> I'm not sure if you must be able to use strace to be productive

You will be productive until whatever runtime/library you are using has a serious bug or performance issue. Then you either use tools like strace or your productivity drops to 0. It is not a matter of marginal or order-of-magnitude productivity differences. You don't "understand stuff" for sentimental reasons, you "understand stuff" because the alternative is your manager has to call in people like me that "understand stuff" and pay them tens of thousands of dollars to fix things that you can't.

> It always puzzled me how people can be comfortable using this kind of stuff.

It's called learning.


Wow nice. I want to do this one day too ;)

> It's called learning.

Haha


Call it what you will, there are ranges of skills needed in technical activity, and those of the engineer are not the same as those of the technician, though it is much more of a continuum than any two words suggest. In many branches of technology, there are certain tasks that need an understanding of calculus, but it is not so clear that there is an equivalent in software development, and I certainly do not think that programming in Lisp as opposed to C (or any other language choice) counts as such.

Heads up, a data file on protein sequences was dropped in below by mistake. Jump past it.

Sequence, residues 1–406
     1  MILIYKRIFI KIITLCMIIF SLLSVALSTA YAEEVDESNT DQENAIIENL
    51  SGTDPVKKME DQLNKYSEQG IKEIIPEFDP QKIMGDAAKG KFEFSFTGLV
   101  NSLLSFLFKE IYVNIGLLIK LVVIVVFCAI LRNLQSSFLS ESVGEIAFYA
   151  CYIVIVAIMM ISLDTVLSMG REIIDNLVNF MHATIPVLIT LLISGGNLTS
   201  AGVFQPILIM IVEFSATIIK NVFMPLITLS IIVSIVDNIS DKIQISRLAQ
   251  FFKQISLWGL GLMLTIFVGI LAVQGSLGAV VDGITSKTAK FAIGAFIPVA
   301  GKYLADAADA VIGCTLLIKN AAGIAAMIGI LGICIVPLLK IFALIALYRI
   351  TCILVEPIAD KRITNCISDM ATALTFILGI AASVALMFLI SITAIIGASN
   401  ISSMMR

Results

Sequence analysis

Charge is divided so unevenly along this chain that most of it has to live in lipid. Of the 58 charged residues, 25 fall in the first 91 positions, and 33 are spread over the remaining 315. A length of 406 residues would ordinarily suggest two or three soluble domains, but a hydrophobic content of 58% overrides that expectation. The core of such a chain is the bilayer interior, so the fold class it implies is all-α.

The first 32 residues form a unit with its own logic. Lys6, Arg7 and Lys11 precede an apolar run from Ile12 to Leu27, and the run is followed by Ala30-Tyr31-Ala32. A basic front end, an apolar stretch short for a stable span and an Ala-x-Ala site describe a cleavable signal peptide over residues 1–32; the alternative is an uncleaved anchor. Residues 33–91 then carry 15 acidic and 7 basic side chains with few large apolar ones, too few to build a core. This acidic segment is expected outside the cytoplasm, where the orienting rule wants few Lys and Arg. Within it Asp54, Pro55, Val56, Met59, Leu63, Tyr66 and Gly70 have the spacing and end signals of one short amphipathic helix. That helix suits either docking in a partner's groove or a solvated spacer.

That's a misinterpretation of parent's comment.

I think he meant fidgeting with pre made solutions hoping they will work, instead of having principled ways to craft things.

If SpaceX were to "plumb" as he meant it, they would use of the shelf modules and ideas for quick results. Instead they actually designed their rockets mostly from scratch (very rare in space, where it's often a rule not to go off what's provent to work).


I think you have misunderstood OPs remarks. The way I see it, the distinction is between the innovators and the regurgitators. Very few people can innovate well when writing software. Others rely on the work of existing innovators to piece together their solutions. Both have their place, but one takes more practice to attain a high level of proficiency. Not elitist - just observing reality.


> is elitist

I know I'm supposed to think that that is bad, but I can't come up with why it would be.


It really depends on some pretty subjective values held on faith, that position, power, and profit ought to be shared.


Or, as seems more accurate in this example, subjective belief that anyone should get arbitrary amount of praise for just showing up, instead of having to earn it through the process of honing and applying their skills.


In my experience the innovators must toil in obscurity because they see a vision that others cannot yet see, until the thing is realized.